Something (Extra) is Wrong

It’s no secret that the blog has been somewhat stagnant of late. It is the “why” of this fact that is less clear, however. It’s been many eons since I was constantly updating, and I have seen more engagement even in drier periods; so what is the reason?

I’ve figured it out. What are the two main sources of content? My best content, that is? It can’t be the life updates, or the random rants, or even when I share pieces of my writing with you (that gets okay engagement, but nothing too special).

Getting lost. Easy. Duh. And …


We’ve been light on both! Particularly on medical crises. I stopped having notable medical episodes about a year and half ago – the eternal headache loses its milkable writing-material after a while. It just gets whiny. Without fresh and new episodes of simply bizarre issues, the blog has suffered. The fact that I have been steadily improving in my ability to navigate hasn’t helped matters.

Well. Lucky for you, the drought has passed. Slightly … less fortuitous for me, personally.

I am trying to identify a mystery malady at the moment. It is not a part of my life I was particularly missing, battling mystery maladies, but here we go again.

Basically, I have a set of symptoms that I didn’t consciously connect as “symptoms” (I was viewing them as isolated unfortunate occurrences). Some of them have been a bother for over a year, but they didn’t come to a head until last fall – even then, it took me until a couple weeks ago to actually realize “Oh, these are not normal or things I should just be dealing with day to day.”

I am slow on the uptake when it comes to feeling ill. It’s the double-edged sword of high tolerance for pain and general discomfort. Typically, it is not until a third party points out that I should “probably see someone about that” that it starts to dawn on me that something isn’t normal. (That is what it took, again, this time around. My sister will be bored by this post, as she has been involved in this journey real time).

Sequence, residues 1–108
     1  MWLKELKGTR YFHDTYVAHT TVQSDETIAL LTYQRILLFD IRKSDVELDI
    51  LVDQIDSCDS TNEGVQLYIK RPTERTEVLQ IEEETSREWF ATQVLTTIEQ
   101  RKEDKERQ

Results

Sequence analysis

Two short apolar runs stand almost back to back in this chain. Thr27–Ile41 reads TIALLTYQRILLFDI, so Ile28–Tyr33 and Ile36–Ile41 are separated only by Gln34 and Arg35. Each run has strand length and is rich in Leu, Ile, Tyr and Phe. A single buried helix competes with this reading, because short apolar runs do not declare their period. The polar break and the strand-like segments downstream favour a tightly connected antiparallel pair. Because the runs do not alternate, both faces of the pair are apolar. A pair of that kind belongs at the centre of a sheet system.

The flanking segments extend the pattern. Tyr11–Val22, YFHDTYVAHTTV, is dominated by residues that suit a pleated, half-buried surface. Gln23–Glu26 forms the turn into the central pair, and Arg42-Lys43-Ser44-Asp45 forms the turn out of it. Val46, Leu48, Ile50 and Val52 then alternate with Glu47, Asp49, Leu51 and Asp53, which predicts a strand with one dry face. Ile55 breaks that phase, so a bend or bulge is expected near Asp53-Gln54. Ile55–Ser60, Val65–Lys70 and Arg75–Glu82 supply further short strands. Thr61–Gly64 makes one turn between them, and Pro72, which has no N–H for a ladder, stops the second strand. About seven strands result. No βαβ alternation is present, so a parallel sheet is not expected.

So I made an appointment. I really like my doctor – she is very receptive, open, and explains her thinking – and we discussed what’s going on and decided to do some tests. Some preliminary bloodwork, first of all, to check the 4 most likely options. This was a telehealth appointment about a week ago; yesterday was my appointment to get my blood drawn.

Now, here’s the thing. It’s not that I’m afraid of needles, it is just that I have been conditioned to be afraid of needles.

That sounds stupid, but, look. I have had many episodes. I have been stabbed by many (MANY) needles. I did not used to dread needles; I didn’t enjoy them, because who does? But I did not actively dread them.

But my veins are evasive. They roll out of the way when the poker tries to poke them. This has resulted in so many extraneous pokes, so many blown veins, so many unnecessary insults added to my injuries, that I have been conditioned to fear needles.

I suppose, more accurately, I have been conditioned to fear incompetent needle-wielders, but my psyche does not know the difference.

So I was a little nervous going into my blood draw. It didn’t help that it’s the first medical lab I’ve ever gone to without my mommy; I haven’t needed to be tested for anything since High School, when my mommy was my chauffeur and my class schedule was more rigid.

But the lab tech was very nice and chatty and very competent. She speared that vein on the first try. When I told her blood draws make me nervous, she joked that she hoped I didn’t pass out on her or anything. I quipped back that it hadn’t happened yet, but who really knows? (I know this sounds like dramatic hyperbole to insert a fictionalized sense of foreshadowing, but, I promise you, this is truly a conversation we had. The cosmos just thinks its really funny).

Well. Would that I was not psychic.